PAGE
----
St. Petersburg Times
Tampa Bay Lightning
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By DAMIAN CRISTODERO, Times Staff Writer
© St. Petersburg Times
published April 11, 2003

Bad blood between opposing rookies

Brian Sutherby's memory is long, and every time the Capitals center faces the Lightning, it gets a good shake. Sutherby has a problem with Lightning center Alexander Svitov.

Sutherby said Svitov spit in his face during the 2001 Junior World Championships. Sutherby, who played for Canada, said it occurred during a scrum in a corner with Russia trailing 5-1. Svitov has repeatedly denied spitting, but Sutherby is adamant.

"I'll never forget about it," Sutherby said. "It showed me a total lack of respect, and he crossed the line in hockey terms."

Sutherby said he "fought the urge" to retaliate. Svitov, through teammate and interpreter Nikita Alexeev, said he is not worried.

"If he does something, I can answer," Svitov said. "If not me, then somebody."

Lighting should have Czeched him, too

The Lightning stopped one Czech, a former Penguin. It couldn't stop another Czech, a former Penguin. While all of the buzz centered on Tampa Bay shutting down Jaromir Jagr, Robert Lang sneaked under the radar.

Lang scored the game's first goal late in the first then added one late in the second. Lang scoring big goals, though, should come as no surprise. He's a four-time 20-goal scorer who had a career-high 32 in Pittsburgh in 2000-01. This season, he was fourth on the Caps in goals (22) and second only to Jagr in points with 69.

His two goals Thursday were of goal-scorers variety. Showing good hand-eye coordination, he batted his first goal like it was a baseball past Nikolai Khabibulin. The second was a laser of a wrist shot from 15 feet that went just under the crossbar.

"Robert Lang can score goals," Washington coach Bruce Cassidy said. "He can shoot the puck. It's pure talent."

Dry spell

Martin St. Louis tied Vincent Lecavalier as the Lightning's leading goal scorer with 33 this season. But he has only six since the All-Star break, a span of 30 games dating to Feb. 2. More troubling for the Lightning is he didn't have a shot on goal in Game 1.

St. Louis said he's disappointed in his game, but his coach said he isn't about to push the panic button.

"He just needs to keep trying," John Tortorella said. "Marty is the type of guy who knows where he's at. He knows what he has done in the second half. He just can't be thinking too much. He needs to just continue working on his game. And let's face it. As you go through the year, with the year he has been having, people notice him now. He's no secret. That's something he has to realize, and I believe he does. He's going to get checked, and he's going to have to fight through it."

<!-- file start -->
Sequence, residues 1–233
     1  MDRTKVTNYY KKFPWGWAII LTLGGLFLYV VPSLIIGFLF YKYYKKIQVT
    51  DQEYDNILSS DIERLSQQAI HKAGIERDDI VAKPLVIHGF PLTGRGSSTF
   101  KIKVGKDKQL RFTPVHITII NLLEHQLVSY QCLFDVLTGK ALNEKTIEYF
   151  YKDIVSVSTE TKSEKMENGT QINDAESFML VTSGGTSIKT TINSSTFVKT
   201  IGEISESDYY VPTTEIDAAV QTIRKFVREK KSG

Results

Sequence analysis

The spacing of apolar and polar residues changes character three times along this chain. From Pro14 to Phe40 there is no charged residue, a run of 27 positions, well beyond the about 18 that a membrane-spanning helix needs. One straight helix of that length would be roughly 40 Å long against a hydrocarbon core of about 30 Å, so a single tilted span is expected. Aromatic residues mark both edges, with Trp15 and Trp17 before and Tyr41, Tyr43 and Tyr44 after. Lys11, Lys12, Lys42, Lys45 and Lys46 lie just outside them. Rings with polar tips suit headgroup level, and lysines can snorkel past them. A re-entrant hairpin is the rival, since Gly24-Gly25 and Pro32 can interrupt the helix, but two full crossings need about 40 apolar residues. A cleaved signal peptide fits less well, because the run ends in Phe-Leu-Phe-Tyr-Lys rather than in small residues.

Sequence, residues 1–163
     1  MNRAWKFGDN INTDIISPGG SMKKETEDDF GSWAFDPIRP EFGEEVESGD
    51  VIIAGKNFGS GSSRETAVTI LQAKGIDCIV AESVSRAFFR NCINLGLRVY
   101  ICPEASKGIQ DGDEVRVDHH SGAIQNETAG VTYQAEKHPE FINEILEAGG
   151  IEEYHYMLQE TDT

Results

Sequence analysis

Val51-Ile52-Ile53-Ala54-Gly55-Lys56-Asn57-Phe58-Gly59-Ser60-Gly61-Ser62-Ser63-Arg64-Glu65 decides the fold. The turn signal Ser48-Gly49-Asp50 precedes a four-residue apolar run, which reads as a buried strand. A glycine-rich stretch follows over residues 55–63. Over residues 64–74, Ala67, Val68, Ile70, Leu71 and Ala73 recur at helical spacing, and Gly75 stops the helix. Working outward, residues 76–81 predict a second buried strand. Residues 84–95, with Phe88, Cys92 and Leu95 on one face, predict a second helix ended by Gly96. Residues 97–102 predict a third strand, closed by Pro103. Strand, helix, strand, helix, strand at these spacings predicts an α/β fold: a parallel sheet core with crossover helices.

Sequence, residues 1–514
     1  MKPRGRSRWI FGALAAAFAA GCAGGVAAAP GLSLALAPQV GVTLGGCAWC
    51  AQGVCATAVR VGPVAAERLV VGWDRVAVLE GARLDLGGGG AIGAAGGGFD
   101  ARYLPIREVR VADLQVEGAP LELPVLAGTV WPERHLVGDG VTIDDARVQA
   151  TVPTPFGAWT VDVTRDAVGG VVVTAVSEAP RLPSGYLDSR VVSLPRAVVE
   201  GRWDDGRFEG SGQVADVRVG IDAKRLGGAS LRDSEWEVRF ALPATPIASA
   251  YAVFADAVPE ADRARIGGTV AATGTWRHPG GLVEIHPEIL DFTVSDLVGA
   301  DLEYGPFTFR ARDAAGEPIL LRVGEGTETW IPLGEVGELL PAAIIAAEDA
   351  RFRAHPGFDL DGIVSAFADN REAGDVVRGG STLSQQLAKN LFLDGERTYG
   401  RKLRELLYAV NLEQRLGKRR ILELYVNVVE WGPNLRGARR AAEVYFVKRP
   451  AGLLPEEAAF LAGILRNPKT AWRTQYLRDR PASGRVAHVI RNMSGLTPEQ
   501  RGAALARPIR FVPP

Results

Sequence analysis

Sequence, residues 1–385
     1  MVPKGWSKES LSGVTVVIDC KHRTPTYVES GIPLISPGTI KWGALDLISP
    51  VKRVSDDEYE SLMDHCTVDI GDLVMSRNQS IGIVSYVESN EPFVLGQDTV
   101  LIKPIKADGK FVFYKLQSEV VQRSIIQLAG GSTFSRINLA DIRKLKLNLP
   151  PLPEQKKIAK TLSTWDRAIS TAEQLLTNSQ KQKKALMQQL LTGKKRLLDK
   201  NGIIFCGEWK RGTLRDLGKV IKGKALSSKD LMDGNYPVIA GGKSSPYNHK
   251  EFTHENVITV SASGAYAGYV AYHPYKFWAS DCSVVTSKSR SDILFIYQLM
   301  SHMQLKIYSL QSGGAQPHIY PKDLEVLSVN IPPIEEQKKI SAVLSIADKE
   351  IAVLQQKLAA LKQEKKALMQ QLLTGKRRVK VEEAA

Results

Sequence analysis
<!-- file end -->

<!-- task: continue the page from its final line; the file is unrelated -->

Lukowich makes early return

Seventeen days after an errant stick broke his right orbital bone, defenseman Brad Lukowich returned wearing a visor. He said the vision in his right eye still is slightly blurry, and if it were the regular season, he probably wouldn't be playing.

"But it's time to suck it up and go play," he said.

"The last month and a half (before the injury), he had improved so much," Tortorella said. "One thing about Luke, he competes. He always does that. We've missed him."

The commissioner pays a visit

Commissioner Gary Bettman attended Thursday's game. He had hoped to meet with Lightning owner Bill Davidson, but Davidson did not attend because of flu-like symptoms. (Then again, any time someone misses a playoff game, it's usually called the flu.)

Bettman, though, did visit with new Tampa mayor Pam Iorio, and their discussion included the Lightning's dispute over an annual $3-million property tax assessment on the St. Pete Times Forum.

"She's energetic, engaging, committed and enthusiastic about her city," Bettman said. "And she knows the issues affecting this team."

One surprised scratch

Defenseman Nolan Pratt said he was surprised and disappointed to be among the team's six scratches. He had been active for all but two games since being scratched for the first 13 regular-season games, recording eight points and a minus-6.

"Obviously, I want to play," said Pratt, who played in three playoff games with Carolina in 1999. "Everybody does this time of year. They have a decision to make, and that's fine. Hopefully, I get a chance to contribute. I think I can."

Defensemen Marc Bergevin, Janne Laukkanen and Darren Rumble and forwards Jimmie Olvestad and Andre Roy also were scratched.

Odds and ends

St. Louis took a puck in the face with 2:59 left in the second. He got 20 stitches under the left eye and returned for the third. ... The Lightning added 12 dehumidifiers to the usual four at the St. Pete Times Forum to help control the moisture and keep the ice fresh.

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